When faculty, staff and students at the Graduate Center (GC) issued a statement of “no confidence” in the GC’s top leadership in the fall, they listed many problems. One of those problems was a lack of food service at the Midtown Manhattan campus.
The no-confidence statement cited numerous examples that have caused “widespread demoralization” and hindered community building. “The lack of adequate food services aside from vending machines has furthered a sense of detachment, alienation and anomie,” the no-confidence letter said.
THE PEOPLE’S PANTRY
Thanks to faculty, staff and student agitation this spring through setting up a People’s Pantry at the GC, the administration has listened and will take action to bring food options to campus.
“This semester, the People’s Pantry has heightened awareness of the need to secure a consistent supply of quality, nutritious food that will support community needs,” GC President Robin Garrell said in a March 28 email to the campus community. “We also recognize that the GC must comply with city health and safety regulations. We have therefore consulted with the Food Bank for NYC to assist the GC in setting up and supplying an on-site pantry that is sustainable and safe.”
She added, “The Graduate Center is partnering with John Jay College on a joint food services contract. We expect to issue a request for proposals by May 1, with the goal of restarting on-campus food services in Café 365 and the Dining Commons, as well as catering services, by Fall 2023. A forthcoming message will say more about the campus consultation process and timeline.”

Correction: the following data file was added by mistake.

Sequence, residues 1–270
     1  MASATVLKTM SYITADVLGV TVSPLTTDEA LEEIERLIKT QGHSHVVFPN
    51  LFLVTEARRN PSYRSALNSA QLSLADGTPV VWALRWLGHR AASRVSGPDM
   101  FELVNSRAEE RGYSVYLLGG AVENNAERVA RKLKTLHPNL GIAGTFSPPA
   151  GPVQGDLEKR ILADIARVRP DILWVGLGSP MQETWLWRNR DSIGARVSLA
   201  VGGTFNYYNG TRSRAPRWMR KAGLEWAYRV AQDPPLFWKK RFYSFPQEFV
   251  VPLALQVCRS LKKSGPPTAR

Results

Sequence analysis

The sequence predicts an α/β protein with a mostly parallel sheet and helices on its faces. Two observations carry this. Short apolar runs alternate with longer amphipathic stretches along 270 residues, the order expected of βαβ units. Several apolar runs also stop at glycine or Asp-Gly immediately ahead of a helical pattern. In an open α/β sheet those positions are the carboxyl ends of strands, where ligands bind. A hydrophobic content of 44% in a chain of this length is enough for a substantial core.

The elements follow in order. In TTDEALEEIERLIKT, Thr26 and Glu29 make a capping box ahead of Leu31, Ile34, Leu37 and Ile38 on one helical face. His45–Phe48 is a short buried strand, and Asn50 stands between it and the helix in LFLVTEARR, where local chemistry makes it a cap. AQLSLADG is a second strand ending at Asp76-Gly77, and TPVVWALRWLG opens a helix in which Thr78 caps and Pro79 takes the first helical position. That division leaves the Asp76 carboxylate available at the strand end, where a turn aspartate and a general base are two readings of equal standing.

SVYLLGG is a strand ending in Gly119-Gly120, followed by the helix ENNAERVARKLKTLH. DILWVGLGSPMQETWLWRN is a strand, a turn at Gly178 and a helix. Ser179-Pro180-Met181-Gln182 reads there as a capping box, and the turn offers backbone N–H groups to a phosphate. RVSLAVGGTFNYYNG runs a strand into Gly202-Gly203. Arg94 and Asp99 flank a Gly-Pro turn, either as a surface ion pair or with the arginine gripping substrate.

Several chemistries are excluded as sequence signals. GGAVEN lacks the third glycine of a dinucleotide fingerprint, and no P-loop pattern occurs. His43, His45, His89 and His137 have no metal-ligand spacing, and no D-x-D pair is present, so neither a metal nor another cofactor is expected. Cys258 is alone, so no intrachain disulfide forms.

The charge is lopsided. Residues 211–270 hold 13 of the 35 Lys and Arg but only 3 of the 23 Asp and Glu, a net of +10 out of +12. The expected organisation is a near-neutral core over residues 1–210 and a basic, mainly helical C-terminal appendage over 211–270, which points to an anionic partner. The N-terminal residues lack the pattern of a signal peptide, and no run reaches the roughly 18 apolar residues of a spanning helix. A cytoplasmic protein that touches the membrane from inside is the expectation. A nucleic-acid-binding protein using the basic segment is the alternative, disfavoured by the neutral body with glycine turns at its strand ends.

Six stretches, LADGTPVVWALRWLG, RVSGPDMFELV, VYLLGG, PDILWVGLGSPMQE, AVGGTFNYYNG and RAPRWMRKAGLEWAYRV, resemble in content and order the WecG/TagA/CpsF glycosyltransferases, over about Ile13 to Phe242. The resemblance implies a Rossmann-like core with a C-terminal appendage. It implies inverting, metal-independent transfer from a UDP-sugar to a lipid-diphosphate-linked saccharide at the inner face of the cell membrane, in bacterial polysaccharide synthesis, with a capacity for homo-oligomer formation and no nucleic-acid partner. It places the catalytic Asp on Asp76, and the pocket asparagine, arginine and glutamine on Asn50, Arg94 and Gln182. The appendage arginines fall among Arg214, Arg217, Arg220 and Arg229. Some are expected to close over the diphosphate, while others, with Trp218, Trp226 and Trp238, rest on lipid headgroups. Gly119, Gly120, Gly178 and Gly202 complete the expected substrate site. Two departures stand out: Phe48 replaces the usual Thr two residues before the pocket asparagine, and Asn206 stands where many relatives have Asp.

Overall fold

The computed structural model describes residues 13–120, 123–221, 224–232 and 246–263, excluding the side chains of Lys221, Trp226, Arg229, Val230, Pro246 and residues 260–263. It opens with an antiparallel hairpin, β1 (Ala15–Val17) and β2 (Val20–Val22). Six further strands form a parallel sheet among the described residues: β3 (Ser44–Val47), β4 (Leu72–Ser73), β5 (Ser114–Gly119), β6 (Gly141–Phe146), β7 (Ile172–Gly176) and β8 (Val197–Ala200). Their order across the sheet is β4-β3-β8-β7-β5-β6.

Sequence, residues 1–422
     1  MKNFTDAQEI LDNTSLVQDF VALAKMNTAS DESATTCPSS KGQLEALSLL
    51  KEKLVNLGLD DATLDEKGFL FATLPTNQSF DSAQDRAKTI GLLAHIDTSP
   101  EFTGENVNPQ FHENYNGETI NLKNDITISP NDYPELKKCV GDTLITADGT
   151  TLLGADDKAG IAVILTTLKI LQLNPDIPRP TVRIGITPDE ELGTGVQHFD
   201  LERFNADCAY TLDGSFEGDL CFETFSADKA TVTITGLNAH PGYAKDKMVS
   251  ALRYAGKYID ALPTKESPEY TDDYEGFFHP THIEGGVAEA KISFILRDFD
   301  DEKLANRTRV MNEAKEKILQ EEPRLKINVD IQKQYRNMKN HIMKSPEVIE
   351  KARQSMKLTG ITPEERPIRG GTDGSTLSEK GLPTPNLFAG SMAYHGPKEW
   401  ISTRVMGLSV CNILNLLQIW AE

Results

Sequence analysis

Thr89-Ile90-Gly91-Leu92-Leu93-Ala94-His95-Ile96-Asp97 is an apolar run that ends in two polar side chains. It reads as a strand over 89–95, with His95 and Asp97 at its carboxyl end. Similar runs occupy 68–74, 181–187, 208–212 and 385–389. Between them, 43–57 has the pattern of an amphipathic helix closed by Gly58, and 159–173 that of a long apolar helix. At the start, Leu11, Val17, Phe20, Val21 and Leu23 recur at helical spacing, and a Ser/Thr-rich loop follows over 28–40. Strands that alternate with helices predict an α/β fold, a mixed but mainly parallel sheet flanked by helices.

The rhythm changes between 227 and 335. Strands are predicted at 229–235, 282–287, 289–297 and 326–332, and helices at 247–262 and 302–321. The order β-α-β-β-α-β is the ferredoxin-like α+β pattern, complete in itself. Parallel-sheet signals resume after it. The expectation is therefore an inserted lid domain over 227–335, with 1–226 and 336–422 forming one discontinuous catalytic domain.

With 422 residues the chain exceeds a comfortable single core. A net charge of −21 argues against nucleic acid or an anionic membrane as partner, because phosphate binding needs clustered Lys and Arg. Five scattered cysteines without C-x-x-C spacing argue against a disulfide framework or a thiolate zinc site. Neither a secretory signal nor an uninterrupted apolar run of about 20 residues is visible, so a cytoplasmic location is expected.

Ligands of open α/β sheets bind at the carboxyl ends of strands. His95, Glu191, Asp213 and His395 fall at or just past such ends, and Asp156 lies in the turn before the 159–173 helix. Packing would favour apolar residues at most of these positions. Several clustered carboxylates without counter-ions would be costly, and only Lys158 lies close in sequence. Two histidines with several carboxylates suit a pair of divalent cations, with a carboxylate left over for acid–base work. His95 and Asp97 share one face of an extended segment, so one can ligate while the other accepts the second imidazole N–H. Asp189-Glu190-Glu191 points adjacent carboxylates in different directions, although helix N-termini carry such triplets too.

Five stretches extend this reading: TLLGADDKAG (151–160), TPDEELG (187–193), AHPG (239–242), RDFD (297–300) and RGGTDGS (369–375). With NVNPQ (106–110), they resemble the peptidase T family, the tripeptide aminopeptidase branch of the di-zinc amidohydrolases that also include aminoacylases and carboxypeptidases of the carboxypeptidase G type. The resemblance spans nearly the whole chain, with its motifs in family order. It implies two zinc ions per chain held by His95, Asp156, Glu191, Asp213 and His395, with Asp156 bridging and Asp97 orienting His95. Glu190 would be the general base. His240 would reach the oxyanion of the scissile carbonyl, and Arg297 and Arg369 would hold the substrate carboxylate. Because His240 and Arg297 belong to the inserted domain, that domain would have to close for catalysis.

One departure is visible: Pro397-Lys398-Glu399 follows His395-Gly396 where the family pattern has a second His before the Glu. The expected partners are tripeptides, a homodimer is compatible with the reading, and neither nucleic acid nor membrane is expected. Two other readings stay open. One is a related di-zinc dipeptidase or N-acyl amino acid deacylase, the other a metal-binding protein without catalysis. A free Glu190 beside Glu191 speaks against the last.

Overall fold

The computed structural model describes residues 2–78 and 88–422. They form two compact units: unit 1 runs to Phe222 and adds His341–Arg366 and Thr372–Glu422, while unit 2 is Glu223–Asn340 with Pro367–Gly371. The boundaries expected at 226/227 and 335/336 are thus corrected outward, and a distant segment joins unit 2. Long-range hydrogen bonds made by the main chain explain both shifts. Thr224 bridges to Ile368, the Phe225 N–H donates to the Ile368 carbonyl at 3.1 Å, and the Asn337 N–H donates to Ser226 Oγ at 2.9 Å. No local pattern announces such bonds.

Giacomo Bianchino, a PhD candidate in comparative literature at the GC and a PSC delegate, said that GC activists created the People’s Pantry in February. It started with a few tables, offering things like food, sanitary goods and books to anyone who needed them. “One of the groups that used it the most was the facilities staff,” he said.
The PSC GC chapter blog hailed this news as a major organizing victory.
“In just two months, we, the GC Community, have forced the administration to do something they repeatedly said was ‘impossible.’ We did this through direct action, solidarity and a huge public showing of mutual aid,” the blog post said. “We should relish the scale and speed of such an achievement. But we must be clear-eyed about the next steps. Although they are thanking and congratulating one another already, our administration may (probably will) drag their feet on this; it’s as much an attempt to shut us up as to actually fix the problems.”
The chapter said that it will continue to monitor the situation as it develops.
“We want a direct say in how the food services are developed and how the pantry is run,” the blog post said. “We want to make sure that these services are handled with the principles of inclusion, accessibility, nutrition and labor justice.”
For Bianchino, Garrell’s letter marked a victory for grassroots organizing.
“It’s one of the clearest examples of direct action getting direct results,” he said.
Published: April 26, 2023